I can hardly understand the feelings Jesus may have had as he became aware of who he was. Certainly, he knew who he was by the age of twelve when he sat in the temple courtyard and quizzed the seminary professors and, to their amazement, answered their questions (Luke 2:46-47). He may have had an awareness of who he was much earlier. We don’t know for sure.
Look at his grace. Grace that allowed him to welcome poverty. Becoming an example to us and a direction for us to experience spiritual wealth beyond our imagination. This must have been put here for a reason. I believe the reason will be seen as we go through the next few verses.
Seed sown in joy. Let’s read on 2 Corinthians 9:6-7. The point is this: whoever sows sparingly will also reap sparingly, and whoever sows bountifully will also reap bountifully. 7 Each one must give as he has decided in his heart, not reluctantly or under compulsion, for God loves a cheerful giver.
The rule of the harvest is that we receive what we plant. If you put out few seeds you get few plants. If you sow bountifully you will reap bountifully. The word that is translated “bountifully” here can be translated “with blessings”! So the passage would read “whoever sows with blessings will also reap with blessings”. I don’t know why the translators didn’t choose that rendition but I like it!
The seed that is sown in joy is clearly financial. The encouragement on the part of the Apostle is for us to observe carefully what we give and decide to give as abundantly as possible with as many blessings as we can possibly give! When we do this it…
Releases God’s grace. Let’s turn to Philippians 4:18-19. I have received full payment, and more. I am well supplied, having received from Epaphroditus the gifts you sent, a fragrant offering, a sacrifice acceptable and pleasing to God. 19 And my God will supply every need of yours according to his riches in glory in Christ Jesus.
Verse 19 is often quoted separately from the rest of the Philippian letter. We must be careful to recognize that it all has to come together. Never allow one verse or one section of Scripture to be interpreted apart from the context. God will supply every need but first, there needs to have been on our part a giving attitude. Verse 18 says that Paul received their gifts. Their gifts were abundant — with blessing! When we give abundantly we are put in a position to receive abundantly. And of course, the opposite is true that if we are stingy in our giving we can only expect to receive a small supply. There is a sensible reason for this. Here it is shown as…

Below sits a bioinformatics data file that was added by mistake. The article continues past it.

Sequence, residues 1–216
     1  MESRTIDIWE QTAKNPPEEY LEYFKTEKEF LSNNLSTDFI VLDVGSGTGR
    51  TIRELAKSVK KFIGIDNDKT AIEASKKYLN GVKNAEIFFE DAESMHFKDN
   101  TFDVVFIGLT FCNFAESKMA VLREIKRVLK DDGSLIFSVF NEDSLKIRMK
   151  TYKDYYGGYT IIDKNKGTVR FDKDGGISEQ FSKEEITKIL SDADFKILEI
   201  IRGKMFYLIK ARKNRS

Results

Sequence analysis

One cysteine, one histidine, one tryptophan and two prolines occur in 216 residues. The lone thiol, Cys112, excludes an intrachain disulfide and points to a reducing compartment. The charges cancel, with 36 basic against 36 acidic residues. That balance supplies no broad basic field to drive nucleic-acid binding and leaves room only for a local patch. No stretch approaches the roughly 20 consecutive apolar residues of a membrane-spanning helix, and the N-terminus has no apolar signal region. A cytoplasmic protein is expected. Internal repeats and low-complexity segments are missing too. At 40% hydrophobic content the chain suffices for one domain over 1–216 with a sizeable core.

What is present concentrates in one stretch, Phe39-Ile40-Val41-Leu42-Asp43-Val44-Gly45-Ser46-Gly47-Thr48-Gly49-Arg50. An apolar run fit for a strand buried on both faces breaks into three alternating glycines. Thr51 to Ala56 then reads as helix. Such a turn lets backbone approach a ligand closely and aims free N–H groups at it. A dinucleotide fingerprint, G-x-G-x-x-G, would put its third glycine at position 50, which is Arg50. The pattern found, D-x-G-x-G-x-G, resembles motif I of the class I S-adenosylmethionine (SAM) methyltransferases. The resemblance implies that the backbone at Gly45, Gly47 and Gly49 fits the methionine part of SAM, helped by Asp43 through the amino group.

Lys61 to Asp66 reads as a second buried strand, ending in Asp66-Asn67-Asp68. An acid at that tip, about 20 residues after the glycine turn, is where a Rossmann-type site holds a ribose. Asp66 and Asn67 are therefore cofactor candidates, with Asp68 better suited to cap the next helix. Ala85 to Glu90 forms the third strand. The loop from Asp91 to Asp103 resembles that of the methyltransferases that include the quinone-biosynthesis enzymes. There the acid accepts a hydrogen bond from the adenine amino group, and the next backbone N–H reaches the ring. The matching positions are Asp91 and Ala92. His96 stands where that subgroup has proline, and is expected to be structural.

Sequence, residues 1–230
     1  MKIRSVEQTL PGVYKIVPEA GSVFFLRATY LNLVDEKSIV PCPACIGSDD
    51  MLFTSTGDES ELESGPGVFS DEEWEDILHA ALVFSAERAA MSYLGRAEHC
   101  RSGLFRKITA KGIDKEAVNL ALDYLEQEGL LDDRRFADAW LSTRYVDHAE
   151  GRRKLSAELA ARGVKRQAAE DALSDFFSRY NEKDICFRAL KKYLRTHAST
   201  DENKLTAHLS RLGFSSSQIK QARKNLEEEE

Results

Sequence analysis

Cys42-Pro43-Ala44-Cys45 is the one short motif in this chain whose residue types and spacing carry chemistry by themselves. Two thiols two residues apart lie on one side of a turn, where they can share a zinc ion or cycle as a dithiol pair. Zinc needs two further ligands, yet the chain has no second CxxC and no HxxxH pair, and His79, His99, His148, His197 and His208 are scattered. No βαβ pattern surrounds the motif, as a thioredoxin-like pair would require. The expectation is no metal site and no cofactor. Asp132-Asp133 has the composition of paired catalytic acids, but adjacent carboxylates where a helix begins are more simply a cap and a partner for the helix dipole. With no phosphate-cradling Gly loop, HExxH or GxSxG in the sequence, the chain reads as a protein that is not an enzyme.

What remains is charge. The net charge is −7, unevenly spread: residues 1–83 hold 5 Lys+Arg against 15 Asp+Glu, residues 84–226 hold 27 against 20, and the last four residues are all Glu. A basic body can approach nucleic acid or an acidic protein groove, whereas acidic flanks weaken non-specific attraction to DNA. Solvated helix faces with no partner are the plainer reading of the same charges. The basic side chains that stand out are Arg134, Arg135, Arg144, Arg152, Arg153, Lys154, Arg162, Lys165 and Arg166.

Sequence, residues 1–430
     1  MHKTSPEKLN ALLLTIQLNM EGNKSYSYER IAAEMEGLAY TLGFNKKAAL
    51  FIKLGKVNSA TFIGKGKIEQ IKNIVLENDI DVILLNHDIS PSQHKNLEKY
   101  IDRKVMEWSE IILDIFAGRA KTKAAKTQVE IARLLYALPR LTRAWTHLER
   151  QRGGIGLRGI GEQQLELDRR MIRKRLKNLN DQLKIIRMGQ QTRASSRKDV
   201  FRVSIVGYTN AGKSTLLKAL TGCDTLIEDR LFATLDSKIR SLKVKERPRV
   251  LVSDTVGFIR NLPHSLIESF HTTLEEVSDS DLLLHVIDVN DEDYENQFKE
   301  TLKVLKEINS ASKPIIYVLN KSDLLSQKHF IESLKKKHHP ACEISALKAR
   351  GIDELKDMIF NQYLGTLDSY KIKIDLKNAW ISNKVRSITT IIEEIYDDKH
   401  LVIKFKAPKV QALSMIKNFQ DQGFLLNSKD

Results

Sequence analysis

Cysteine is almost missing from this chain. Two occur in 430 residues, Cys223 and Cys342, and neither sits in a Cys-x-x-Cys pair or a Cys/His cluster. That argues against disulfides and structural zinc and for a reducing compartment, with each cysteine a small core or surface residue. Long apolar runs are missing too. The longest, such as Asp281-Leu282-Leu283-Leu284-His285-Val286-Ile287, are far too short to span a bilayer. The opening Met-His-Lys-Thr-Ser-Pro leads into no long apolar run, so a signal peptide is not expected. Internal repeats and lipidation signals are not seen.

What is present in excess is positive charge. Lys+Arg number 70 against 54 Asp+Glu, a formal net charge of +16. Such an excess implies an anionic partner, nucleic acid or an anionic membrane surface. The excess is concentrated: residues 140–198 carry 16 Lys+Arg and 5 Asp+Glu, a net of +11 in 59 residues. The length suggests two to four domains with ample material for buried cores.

So that you can be generous. Let’s look at 2 Corinthians 9:10-12. He who supplies seed to the sower and bread for food will supply and multiply your seed for sowing and increase the harvest of your righteousness. 11 You will be enriched in every way to be generous in every way, which through us will produce thanksgiving to God. 12 For the ministry of this service is not only supplying the needs of the saints but is also overflowing in many thanksgivings to God.
God is the supplier of the resources that supply our needs and multiplies our resources. We are enriched not just to become richer but instead to be able to give to meet the needs of others.
So, where does the seed come from that allows us to have a bountiful harvest? It is God who supplies the seed and it is God that directs the planting and sends the follow-up rain and sunshine that causes it to grow. Many times people think they cannot give. The Bible teaches that the tithe is the Lord’s. When we hold onto it we are holding back what belongs to God. When we release it through giving we allow God to bless us in ways beyond our imagination. If you give what you have left over after you pay your bills you will likely never be able to give. You will certainly never be a cheerful giver.
All scriptures quotes are from: The Holy Bible: English standard version. 2001. Wheaton, Ill, Standard Bible Society.